LVII.

TO WILLIAM HOLLICK, ESQ.

, .

My dear friend,

Leicester, August 11, 1817. It is with great concern I have heard of your illness. Mr. Edmonds informed me [some time ago that] you were very poorly; but I have been much concerned to hear that you have since been much worse, and that you suffer much from your complaint.

Mrs. Hall and myself have been long anticipating the pleasure of seeing you shortly at Cambridge, and of renewing the pleasure we derived from our former visit. But, alas ! how uncertain are all

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human prospects! how vain to depend upon any thing short of the promises of “ Him who cannot lie !"

I hope, my dear friend, you enjoy the consolations of that religion you have been so long acquainted with, and the value of which is never more sensibly felt than under the pressure of affliction. How empty and delusive does the world then appear; and how unspeakably cheering that good hope through grace,” which the gospel inspires! To look up to God as a reconciled and compassionate Father,—to know that “ He is touched with a feeling of our infirmities," and that he “made an everlasting covenant with us, well ordered in all things, and sure,"—these are wells of everlasting consolation. You, my dear friend, are, I trust, no stranger to these sure cordials and supports; and, with these, should you be called to pass through “ the valley of the shadow of death, you will fear no evil; his rod and staff will comfort you.” It is impossible for me to suggest any thing to your mind, with which you are not already acquainted; but, might I be permitted to advert to my own experience, I should say, that I have found nothing so salutary as to turn the mind immediately to the Saviour: Whosoever calleth upon the name of the Lord, shall be saved.” To pray immediately to Christ, to cast ourselves incessantly upon His power and grace, as revealed in the gospel, appears to be the best antidote to every tendency to despondency. I have no doubt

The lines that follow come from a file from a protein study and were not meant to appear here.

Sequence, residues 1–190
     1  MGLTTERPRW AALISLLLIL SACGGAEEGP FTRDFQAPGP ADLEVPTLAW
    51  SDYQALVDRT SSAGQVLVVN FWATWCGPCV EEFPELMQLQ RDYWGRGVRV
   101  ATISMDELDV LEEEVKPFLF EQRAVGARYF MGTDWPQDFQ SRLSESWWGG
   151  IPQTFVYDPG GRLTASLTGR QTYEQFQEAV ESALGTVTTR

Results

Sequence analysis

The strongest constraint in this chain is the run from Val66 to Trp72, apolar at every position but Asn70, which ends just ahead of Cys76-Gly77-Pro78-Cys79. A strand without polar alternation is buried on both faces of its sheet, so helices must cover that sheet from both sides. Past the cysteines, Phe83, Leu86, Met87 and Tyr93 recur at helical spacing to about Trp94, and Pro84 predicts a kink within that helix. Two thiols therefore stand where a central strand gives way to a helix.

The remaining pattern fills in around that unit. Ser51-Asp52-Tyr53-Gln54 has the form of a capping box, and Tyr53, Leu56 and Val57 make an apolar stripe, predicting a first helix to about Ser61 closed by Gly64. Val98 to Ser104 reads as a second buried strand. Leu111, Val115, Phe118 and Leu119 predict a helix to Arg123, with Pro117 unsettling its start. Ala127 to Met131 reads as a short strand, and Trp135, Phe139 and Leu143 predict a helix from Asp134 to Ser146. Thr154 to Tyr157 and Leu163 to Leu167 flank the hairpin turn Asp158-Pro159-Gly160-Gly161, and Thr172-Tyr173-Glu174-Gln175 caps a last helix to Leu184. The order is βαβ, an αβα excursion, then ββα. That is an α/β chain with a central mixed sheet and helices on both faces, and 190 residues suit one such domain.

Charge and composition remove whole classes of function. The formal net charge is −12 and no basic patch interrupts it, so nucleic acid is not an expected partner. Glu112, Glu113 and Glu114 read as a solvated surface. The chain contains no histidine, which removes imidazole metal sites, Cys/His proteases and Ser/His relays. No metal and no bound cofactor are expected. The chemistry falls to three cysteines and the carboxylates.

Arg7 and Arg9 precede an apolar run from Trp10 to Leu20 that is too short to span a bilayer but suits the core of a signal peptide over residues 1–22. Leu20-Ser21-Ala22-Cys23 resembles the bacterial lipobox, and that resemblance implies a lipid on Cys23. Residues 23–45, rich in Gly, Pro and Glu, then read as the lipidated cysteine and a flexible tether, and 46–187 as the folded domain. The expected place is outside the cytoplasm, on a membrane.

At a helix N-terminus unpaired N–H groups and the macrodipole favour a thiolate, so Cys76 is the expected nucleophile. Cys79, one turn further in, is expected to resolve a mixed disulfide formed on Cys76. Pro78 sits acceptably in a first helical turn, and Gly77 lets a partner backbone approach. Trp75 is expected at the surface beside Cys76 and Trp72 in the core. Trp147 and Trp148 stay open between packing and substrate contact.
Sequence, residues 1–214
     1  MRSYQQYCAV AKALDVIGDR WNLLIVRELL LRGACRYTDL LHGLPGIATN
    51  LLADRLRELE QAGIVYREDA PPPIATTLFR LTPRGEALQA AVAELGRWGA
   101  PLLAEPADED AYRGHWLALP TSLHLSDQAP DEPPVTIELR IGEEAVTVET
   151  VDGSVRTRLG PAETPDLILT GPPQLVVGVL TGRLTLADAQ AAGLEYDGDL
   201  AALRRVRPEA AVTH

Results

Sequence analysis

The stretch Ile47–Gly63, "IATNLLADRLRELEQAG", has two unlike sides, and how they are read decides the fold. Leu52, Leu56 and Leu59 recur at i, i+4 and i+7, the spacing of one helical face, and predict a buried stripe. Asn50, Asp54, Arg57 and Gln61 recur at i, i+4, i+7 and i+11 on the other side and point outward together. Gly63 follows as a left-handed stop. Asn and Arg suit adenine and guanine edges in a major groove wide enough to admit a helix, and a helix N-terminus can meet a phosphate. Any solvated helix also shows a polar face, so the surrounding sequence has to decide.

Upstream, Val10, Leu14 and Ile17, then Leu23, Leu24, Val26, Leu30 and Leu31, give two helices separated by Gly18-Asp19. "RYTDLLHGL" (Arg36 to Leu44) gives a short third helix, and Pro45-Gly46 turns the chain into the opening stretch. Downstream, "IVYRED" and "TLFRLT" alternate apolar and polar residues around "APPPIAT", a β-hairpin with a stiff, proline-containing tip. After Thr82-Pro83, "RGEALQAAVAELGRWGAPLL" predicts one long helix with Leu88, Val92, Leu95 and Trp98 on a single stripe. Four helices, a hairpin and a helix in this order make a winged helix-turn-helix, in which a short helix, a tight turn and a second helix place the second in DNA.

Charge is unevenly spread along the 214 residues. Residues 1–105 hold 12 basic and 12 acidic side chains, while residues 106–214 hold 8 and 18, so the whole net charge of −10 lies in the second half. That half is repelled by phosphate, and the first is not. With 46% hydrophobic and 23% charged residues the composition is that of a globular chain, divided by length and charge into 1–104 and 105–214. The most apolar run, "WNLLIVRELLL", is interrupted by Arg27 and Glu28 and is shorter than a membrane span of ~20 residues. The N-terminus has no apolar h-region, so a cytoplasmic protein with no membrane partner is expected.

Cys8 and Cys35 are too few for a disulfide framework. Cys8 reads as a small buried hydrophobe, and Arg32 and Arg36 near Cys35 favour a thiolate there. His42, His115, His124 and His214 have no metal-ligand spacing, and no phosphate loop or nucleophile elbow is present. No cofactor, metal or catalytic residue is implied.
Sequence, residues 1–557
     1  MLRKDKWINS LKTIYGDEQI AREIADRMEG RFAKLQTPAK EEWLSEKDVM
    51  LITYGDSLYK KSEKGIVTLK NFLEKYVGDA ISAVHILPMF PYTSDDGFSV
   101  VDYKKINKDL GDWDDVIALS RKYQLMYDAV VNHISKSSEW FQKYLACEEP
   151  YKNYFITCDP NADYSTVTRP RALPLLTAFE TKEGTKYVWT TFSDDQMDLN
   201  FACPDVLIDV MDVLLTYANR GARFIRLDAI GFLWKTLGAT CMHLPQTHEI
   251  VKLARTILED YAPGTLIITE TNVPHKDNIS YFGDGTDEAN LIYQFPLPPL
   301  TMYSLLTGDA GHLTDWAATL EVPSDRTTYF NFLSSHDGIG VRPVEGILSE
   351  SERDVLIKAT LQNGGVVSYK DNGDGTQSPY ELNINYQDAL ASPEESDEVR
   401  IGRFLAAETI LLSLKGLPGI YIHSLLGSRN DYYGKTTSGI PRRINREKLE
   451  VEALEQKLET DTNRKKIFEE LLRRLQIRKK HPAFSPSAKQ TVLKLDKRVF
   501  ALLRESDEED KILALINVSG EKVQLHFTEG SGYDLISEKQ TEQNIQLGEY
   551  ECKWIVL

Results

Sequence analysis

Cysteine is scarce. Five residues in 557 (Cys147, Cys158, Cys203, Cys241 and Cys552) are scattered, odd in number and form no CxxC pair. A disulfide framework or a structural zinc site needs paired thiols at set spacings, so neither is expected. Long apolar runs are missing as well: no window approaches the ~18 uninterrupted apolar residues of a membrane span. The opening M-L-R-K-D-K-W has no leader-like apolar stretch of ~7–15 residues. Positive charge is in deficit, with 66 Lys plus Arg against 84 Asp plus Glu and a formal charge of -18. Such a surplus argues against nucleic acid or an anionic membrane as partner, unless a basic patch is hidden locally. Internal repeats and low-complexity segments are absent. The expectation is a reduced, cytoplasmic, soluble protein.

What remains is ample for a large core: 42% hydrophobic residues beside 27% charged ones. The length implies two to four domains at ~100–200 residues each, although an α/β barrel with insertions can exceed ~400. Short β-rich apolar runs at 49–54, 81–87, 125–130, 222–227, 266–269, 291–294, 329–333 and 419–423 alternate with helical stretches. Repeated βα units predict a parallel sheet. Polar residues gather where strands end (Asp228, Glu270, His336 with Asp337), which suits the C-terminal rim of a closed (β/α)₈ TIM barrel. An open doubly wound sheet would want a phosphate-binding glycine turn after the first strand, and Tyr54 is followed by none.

that we are much wanting to ourselves, in not having more direct dealings with the Saviour, or not addressing him now in the same spirit in which he was applied to for the relief of bodily disease. He is exalted at the right hand of God, for the express purpose of dispensing pardon, peace, and eternal life to all that humbly seek his aid; and, wonderful condescension! he has declared “he will in no wise cast out whomsoever cometh unto him."

If I had not been particularly occupied with my answer to Mr. Kinghorn, which is now in the press, I should probably have been at Cambridge before this. Mrs. H. has suspended all thoughts of coming under present circumstances; but if it would be any particular gratification to you to see me, I will give up every engagement in order to see you; though it can be but for a few days. I desire to bless and adore the grace of God, in the signal change which has been wrought in the mind of Mr. N., to whom, as well as your daughter, Mrs. H. unites with me in affectionate remembrances.

I am, dear Sir,
Your affectionate and sympathizing Friend,

ROBERT HALL.